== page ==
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Also called: statistical process control
The control chart is a graph used to study how a process changes over time. Data are plotted in time order. A control chart always has a central line for the average, an upper line for the upper control limit and a lower line for the lower control limit. These lines are determined from historical data. By comparing current data to these lines, you can draw conclusions about whether the process variation is consistent (in control) or is unpredictable (out of control, affected by special causes of variation).
Control charts for variable data are used in pairs. The top chart monitors the average, or the centering of the distribution of data from the process. The bottom chart monitors the range, or the width of the distribution. If your data were shots in target practice, the average is where the shots are clustering, and the range is how tightly they are clustered. Control charts for attribute data are used singly.
When to Use a Control Chart
- When controlling ongoing processes by finding and correcting problems as they occur.
- When predicting the expected range of outcomes from a process.
- When determining whether a process is stable (in statistical control).
- When analyzing patterns of process variation from special causes (non-routine events) or common causes (built into the process).
- When determining whether your quality improvement project should aim to prevent specific problems or to make fundamental changes to the process.
See a sample control chart and create your own with the control chart template (Excel, 973 KB).*
Control Chart Basic Procedure
- Choose the appropriate control chart for your data.
- Determine the appropriate time period for collecting and plotting data.
- Collect data, construct your chart and analyze the data.
- Look for “out-of-control signals” on the control chart. When one is identified, mark it on the chart and investigate the cause. Document how you investigated, what you learned, the cause and how it was corrected.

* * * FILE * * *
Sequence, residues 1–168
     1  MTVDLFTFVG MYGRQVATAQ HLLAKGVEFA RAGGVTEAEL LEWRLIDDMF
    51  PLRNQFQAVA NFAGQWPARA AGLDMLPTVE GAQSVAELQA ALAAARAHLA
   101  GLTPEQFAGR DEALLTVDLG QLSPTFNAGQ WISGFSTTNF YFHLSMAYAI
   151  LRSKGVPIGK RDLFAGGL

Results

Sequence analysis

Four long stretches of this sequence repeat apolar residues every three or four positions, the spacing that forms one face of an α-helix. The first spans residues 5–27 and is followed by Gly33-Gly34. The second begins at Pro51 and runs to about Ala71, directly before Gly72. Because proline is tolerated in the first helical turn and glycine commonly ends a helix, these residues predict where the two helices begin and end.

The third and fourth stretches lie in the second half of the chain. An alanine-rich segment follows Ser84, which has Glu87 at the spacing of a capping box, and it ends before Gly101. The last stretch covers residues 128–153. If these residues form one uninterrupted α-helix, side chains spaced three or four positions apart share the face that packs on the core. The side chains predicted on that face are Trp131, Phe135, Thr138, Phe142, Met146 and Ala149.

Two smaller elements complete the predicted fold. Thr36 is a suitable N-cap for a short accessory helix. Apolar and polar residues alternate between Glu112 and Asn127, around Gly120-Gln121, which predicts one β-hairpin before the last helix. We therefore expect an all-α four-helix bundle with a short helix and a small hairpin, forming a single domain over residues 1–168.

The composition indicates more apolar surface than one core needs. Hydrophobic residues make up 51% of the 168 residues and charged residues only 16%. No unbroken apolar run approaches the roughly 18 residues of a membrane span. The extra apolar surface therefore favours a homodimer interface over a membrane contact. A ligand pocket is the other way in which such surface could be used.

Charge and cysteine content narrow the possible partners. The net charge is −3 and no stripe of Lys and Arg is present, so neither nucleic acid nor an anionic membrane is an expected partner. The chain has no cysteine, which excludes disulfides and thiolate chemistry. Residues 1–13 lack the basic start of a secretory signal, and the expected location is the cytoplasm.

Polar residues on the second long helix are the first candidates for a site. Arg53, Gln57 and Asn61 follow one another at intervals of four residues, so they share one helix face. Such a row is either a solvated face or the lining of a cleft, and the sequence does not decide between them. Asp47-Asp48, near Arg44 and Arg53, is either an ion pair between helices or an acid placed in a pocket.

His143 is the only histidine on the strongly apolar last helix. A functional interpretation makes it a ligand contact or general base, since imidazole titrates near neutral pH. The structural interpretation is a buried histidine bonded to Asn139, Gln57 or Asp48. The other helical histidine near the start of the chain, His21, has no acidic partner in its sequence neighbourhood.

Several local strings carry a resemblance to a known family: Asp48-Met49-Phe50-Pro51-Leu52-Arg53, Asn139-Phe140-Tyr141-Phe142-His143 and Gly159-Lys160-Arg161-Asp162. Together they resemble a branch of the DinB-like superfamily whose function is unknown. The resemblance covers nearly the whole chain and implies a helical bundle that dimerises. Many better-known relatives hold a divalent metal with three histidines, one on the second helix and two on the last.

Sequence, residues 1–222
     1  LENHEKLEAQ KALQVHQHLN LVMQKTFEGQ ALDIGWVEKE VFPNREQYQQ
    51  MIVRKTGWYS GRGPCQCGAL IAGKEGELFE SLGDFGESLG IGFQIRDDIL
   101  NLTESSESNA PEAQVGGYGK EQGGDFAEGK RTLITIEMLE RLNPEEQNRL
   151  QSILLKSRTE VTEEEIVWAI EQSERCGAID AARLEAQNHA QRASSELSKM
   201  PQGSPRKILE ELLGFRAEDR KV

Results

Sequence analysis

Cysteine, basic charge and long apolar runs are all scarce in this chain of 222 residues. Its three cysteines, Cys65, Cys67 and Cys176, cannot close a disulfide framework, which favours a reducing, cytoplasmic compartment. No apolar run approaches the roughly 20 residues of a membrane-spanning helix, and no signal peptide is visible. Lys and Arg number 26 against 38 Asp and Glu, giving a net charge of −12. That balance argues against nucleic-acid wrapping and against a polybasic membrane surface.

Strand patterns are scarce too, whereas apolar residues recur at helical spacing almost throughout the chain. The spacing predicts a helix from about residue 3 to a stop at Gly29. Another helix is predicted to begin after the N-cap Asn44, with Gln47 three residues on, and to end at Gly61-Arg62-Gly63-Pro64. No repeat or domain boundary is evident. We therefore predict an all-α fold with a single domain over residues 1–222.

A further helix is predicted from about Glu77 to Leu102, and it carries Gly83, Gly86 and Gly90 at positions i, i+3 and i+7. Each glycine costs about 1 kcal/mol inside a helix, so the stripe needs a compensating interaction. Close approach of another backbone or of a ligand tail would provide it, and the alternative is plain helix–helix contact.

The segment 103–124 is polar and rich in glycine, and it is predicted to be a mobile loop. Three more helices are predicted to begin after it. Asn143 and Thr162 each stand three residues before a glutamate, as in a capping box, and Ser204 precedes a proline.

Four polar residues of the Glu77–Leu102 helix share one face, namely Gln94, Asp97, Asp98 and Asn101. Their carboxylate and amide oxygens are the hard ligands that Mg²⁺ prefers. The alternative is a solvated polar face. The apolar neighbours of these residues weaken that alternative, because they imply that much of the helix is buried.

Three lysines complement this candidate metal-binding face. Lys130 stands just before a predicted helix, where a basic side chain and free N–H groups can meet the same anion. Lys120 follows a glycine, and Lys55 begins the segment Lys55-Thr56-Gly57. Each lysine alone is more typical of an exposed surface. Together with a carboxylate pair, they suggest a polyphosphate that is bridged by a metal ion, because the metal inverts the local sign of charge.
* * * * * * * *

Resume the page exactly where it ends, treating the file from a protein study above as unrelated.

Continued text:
- A single point outside the control limits. In Figure 1, point sixteen is above the UCL (upper control limit).
- Two out of three successive points are on the same side of the centerline and farther than 2 σ from it. In Figure 1, point 4 sends that signal.
- Four out of five successive points are on the same side of the centerline and farther than 1 σ from it. In Figure 1, point 11 sends that signal.
- A run of eight in a row are on the same side of the centerline. Or 10 out of 11, 12 out of 14 or 16 out of 20. In Figure 1, point 21 is eighth in a row above the centerline.
- Obvious consistent or persistent patterns that suggest something unusual about your data and your process.
- Continue to plot data as they are generated. As each new data point is plotted, check for new out-of-control signals.
- When you start a new control chart, the process may be out of control. If so, the control limits calculated from the first 20 points are conditional limits. When you have at least 20 sequential points from a period when the process is operating in control, recalculate control limits.
Figure 1 Control Chart: Out-of-Control Signals
Excerpted from Nancy R. Tague’s The Quality Toolbox, Second Edition, ASQ Quality Press, 2005, pages 155-158.
*Template created by Dean Christolear.